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|Title:||How well-connected individuals help spread influences -- analyses based on preferential voter model||Authors:||Lee, Zhuo Qi
|Keywords:||DRNTU::Engineering::Computer science and engineering||Issue Date:||2012||Source:||Lee, Z. Q., Hsu, W. J.,& Lin, M. (2012). How Well-Connected Individuals Help Spread Influences -- Analyses Based on Preferential Voter Model. 2012 IEEE/ACM International Conference on Advances in Social Networks Analysis and Mining, 674-678.||Abstract:||The spread of influence in a network is a fundamental issue in many complex systems. For instance, the word of-mouth effect in a social network is crucial to the emerging viral market. The process was previously analyzed with a voter model where an individual weighs the opinions of his acquaintances equally. However, one would expect that an individual's opinion is often more swayed by her/his better connected peers. As such, the influence of a node x on another node should be proportional to x's degree. This paper studies the spread of influence under the latter model - called Preferential Voter Model (PVM) for easier reference. We first present the exact form of the random walk stationary distribution for PVM, based on which, we show that the First Passage Time (FPT) of PVM follows an exponential decay. Furthermore, compared against the conventional (nonpreferential) voter model, we show that nodes with larger degrees exhibit faster decay rate and lower mean First Passage Time in PVM. These new results have applications to network-based complex systems. For instance, in the context of viral marketing in a social network, picking nodes of larger degrees as the starting nodes of a sales campaign not only maximizes the expected number of influenced nodes in the network, but also reduces the expected time to spread the influence. Thus, our result confirms analytically that well-connected individuals indeed exert faster and more effective influences in social networks under the preferential model.||URI:||https://hdl.handle.net/10356/98796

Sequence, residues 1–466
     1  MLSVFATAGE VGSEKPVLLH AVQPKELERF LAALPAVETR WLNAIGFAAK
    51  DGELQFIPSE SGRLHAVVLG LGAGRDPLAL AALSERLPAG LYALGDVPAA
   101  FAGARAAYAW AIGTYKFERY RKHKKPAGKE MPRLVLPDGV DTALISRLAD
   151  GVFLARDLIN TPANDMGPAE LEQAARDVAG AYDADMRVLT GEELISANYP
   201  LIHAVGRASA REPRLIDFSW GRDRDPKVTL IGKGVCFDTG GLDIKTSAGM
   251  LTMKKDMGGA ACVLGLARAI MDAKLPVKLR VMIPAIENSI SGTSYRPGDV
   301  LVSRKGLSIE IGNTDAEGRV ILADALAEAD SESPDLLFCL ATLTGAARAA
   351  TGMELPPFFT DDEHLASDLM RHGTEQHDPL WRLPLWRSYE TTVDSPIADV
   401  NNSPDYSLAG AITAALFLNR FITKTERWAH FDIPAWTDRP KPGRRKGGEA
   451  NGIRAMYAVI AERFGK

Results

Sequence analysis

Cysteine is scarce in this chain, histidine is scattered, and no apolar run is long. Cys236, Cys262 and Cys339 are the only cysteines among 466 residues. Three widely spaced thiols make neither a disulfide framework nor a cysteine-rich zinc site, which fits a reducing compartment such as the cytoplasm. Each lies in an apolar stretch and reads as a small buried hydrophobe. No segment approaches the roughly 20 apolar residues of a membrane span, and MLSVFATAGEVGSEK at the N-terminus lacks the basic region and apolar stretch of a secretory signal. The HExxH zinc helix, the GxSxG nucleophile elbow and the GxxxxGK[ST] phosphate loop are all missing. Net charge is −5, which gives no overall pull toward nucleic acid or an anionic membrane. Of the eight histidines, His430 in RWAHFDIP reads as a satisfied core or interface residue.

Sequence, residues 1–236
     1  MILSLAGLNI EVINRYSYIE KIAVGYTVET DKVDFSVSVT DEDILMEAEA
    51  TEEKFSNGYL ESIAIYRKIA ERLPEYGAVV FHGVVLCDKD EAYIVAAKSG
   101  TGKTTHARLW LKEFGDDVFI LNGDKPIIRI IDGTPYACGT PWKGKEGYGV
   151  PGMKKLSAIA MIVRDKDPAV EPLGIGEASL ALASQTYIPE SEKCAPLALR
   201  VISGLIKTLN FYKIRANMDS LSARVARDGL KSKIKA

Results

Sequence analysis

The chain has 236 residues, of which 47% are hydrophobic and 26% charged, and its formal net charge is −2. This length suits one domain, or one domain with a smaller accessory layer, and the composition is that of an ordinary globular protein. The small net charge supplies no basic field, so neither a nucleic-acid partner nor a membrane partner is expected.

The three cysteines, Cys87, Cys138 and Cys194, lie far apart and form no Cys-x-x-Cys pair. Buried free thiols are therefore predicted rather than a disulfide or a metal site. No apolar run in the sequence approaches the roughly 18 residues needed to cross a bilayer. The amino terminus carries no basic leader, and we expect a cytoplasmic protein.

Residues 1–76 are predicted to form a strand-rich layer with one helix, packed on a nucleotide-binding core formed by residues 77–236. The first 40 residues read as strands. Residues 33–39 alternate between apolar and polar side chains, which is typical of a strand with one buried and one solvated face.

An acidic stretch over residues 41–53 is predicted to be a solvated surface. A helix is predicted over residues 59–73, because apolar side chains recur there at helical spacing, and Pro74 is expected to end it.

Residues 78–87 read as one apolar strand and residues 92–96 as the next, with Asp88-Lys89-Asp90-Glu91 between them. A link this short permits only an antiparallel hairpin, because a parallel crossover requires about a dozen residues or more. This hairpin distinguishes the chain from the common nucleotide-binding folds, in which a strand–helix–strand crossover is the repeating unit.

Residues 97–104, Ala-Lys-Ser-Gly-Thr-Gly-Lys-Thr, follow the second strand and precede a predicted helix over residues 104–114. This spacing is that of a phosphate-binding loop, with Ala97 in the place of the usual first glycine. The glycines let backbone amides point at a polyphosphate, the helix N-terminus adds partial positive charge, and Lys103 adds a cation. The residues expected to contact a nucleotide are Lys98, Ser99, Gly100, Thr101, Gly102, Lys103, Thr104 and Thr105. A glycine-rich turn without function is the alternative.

|DOI:||http://dx.doi.org/10.1109/ASONAM.2012.112||Fulltext Permission:||none||Fulltext Availability:||No Fulltext|
|Appears in Collections:||SCSE Conference Papers|
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